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ABSTRACT: Relative reinforcing effects of different ethanol and different cocaine doses were studied under concurrent independent fixed-ratio (FR) schedules and concurrent nonindependent FR schedules with rhesus monkeys. Nonindependent FR schedules differed from independent FR schedules in that responses on either side counted towards the FR requirements of two concurrently presented choices. Thus, responses on the right operandum counted toward completion of both right and left FR schedules and, symmetrically, responses on the left did the same. Nonindependent schedules allow the number of responses per drug delivery to vary considerably, unlike independent schedules, thereby making the number of responses per delivery a sensitive dependent variable. In contrast, standard independent schedules do not allow responses per drug delivery to vary; the required number of responses is an independent variable. Three rhesus monkeys were subjects, and choices between different doses of ethanol or cocaine were studied. Larger doses maintained higher response rates than smaller doses - consistent with previous choice studies. By using nonindependent schedules, however, graded responses per drug delivery and increased switching between sides were obtained, providing additional data and useful measures of choice.Behavioural pharmacology 03/2013;
Article: Spatial discrimination and visual discrimination: two methods evaluating learning and memory in juvenile Göttingen minipigs.[show abstract] [hide abstract]
ABSTRACT: Two methods investigating learning and memory in juvenile Göttingen minipigs were evaluated for potential use in preclinical toxicity testing. Twelve minipigs were tested using a spatial hole-board discrimination test including a learning phase and two memory phases. Five minipigs were tested in a visual discrimination test. The juvenile minipigs were able to learn the spatial hole-board discrimination test and showed improved working and reference memory during the learning phase. Performance in the memory phases was affected by the retention intervals, but the minipigs were able to remember the concept of the test in both memory phases. Working memory and reference memory were significantly improved in the last trials of the memory phases. In the visual discrimination test, the minipigs learned to discriminate between the three figures presented to them within 9-14 sessions. For the memory test, all minipigs performed 9/12 correct choices or better. Juvenile Göttingen minipigs are able to learn to perform in a spatial hole-board discrimination test as well as in a visual discrimination test, showing an increase in performance over time. Both tests have considerable scope to assess learning and memory of pigs, and we seem to have succeeded in establishing two test systems suitable for performing preclinical toxicity testing in juvenile minipigs.Behavioural pharmacology 03/2013;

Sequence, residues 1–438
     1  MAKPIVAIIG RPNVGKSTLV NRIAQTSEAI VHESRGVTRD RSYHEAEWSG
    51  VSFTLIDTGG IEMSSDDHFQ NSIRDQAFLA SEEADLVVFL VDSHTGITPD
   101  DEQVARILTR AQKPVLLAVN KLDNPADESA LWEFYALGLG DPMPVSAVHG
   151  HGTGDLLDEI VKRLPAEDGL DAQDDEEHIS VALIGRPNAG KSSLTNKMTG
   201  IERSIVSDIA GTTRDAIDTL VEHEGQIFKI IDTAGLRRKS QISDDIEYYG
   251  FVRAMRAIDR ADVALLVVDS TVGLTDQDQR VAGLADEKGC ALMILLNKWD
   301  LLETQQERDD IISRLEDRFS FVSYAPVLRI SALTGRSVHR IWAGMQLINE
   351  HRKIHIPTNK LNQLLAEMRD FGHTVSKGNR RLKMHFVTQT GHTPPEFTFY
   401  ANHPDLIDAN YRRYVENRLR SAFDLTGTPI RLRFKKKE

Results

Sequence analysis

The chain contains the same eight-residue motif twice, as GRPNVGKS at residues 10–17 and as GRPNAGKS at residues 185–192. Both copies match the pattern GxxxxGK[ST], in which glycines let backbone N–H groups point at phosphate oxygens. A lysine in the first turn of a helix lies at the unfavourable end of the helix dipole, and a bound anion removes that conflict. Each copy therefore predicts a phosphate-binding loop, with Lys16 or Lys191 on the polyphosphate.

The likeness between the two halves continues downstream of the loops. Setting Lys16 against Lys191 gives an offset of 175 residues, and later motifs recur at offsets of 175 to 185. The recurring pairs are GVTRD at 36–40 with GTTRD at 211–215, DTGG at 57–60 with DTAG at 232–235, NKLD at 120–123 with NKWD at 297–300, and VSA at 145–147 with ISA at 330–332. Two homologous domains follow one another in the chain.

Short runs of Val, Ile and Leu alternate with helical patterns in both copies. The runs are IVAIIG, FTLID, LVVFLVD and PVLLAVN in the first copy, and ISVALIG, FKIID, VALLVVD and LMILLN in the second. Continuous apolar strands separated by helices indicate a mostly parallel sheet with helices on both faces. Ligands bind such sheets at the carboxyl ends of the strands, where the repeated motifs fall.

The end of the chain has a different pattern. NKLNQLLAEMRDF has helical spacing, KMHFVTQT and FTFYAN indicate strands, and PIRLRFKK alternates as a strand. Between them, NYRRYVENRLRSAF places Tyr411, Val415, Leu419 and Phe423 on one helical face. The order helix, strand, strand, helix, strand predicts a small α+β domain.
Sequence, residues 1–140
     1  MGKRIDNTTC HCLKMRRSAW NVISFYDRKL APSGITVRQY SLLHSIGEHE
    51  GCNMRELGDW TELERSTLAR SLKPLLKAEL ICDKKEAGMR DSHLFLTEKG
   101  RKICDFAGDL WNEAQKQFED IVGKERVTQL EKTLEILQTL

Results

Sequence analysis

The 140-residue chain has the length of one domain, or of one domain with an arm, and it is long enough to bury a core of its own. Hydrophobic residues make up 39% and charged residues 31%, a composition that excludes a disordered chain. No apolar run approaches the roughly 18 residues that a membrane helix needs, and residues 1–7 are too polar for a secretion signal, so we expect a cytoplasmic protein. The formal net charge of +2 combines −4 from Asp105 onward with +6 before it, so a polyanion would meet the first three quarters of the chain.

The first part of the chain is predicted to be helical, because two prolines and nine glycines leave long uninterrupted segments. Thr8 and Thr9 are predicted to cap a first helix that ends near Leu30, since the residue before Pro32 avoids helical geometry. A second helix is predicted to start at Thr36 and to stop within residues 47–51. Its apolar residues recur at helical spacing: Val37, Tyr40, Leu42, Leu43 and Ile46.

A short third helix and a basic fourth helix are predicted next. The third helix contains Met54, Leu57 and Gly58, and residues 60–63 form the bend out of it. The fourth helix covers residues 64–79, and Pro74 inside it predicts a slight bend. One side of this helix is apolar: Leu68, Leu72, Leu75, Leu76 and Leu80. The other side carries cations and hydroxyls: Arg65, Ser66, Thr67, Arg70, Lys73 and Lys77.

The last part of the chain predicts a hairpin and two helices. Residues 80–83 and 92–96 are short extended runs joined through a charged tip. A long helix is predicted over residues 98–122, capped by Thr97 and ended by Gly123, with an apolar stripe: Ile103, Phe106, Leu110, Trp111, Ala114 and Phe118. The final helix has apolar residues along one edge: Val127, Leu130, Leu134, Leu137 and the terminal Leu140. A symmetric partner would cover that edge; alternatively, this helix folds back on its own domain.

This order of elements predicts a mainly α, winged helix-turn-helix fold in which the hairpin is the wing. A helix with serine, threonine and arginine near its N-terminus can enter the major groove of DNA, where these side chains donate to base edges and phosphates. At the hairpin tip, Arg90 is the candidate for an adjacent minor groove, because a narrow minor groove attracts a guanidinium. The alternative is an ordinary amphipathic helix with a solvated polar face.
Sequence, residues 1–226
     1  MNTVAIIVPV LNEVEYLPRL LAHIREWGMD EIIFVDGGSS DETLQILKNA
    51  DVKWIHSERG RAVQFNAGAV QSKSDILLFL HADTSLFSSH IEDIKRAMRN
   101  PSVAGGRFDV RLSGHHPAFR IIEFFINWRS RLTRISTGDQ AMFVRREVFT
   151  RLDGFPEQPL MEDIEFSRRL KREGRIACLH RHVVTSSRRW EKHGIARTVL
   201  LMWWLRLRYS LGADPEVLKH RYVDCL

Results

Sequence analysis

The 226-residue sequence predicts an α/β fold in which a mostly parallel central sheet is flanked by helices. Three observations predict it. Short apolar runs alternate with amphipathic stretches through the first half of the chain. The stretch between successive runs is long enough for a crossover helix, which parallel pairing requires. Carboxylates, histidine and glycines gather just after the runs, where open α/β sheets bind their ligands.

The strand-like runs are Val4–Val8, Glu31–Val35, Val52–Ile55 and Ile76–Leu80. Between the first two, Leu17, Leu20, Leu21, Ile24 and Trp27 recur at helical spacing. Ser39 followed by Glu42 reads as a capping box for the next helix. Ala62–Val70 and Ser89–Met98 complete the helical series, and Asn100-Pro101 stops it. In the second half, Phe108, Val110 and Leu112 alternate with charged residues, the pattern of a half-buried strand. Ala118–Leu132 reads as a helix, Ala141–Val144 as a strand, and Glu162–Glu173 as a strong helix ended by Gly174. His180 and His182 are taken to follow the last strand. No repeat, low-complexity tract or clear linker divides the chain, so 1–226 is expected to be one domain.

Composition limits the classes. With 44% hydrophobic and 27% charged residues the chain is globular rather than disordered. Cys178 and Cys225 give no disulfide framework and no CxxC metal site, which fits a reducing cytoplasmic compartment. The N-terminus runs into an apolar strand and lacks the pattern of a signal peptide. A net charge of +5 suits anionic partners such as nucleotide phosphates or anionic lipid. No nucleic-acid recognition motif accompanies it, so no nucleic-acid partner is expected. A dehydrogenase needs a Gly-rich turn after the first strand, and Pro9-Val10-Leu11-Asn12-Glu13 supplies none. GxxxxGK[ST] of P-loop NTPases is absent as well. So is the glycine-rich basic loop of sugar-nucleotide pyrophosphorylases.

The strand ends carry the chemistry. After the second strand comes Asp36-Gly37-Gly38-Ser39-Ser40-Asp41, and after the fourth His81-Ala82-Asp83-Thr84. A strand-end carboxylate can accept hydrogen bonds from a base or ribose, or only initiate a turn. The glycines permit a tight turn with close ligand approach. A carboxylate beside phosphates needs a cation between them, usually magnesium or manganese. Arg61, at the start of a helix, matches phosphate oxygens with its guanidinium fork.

Article: Subacute fluoxetine enhances conditioned responding and conditioning-specific reflex modification of the rabbit nictitating membrane response: implications for drug treatment with selective serotonin reuptake inhibitors.[show abstract] [hide abstract]
ABSTRACT: Extensive research on the rabbit nictitating membrane response (NMR) has shown that the NMR reflex can become exaggerated following classical fear conditioning. This learning-related change is referred to as conditioning-specific reflex modification (CRM) and is observed in the absence of the conditioned stimulus. The aim of the current study was to examine the sensitivity of the CRM paradigm to serotonergic manipulation with fluoxetine, a commonly prescribed selective serotonin reuptake inhibitor for anxiety disorders. To assess the effect of fluoxetine on exaggerated reflexive responding indicative of CRM and on conditioned cued fear, rabbits underwent delay NMR conditioning (pairings of tone and periorbital shock) and were tested for CRM, followed by 5 days of daily fluoxetine (0.03, 0.3, or 3.0 mg/kg) or saline injections. CRM was reassessed 1 day and 1 week later, followed by a retention test of conditioned responses (CRs) to the tone. Fluoxetine (3.0 mg/kg) enhanced CRM and retention of conditioned responses, a week after treatment ceased, and this is in agreement with the reports on increased anxiety-like behaviors in other animal models and humans. The CRM paradigm, therefore, may provide important insight into the mechanisms underlying the paradoxical selective serotonin reuptake inhibitor effects.Behavioural pharmacology 02/2013; 24(1):55-64.
Article: The antinociceptive properties of the novel compound (±)-trans-4-hydroxy-6-propyl-1-oxocyclohexan-2-one in acute pain in mice.[show abstract] [hide abstract]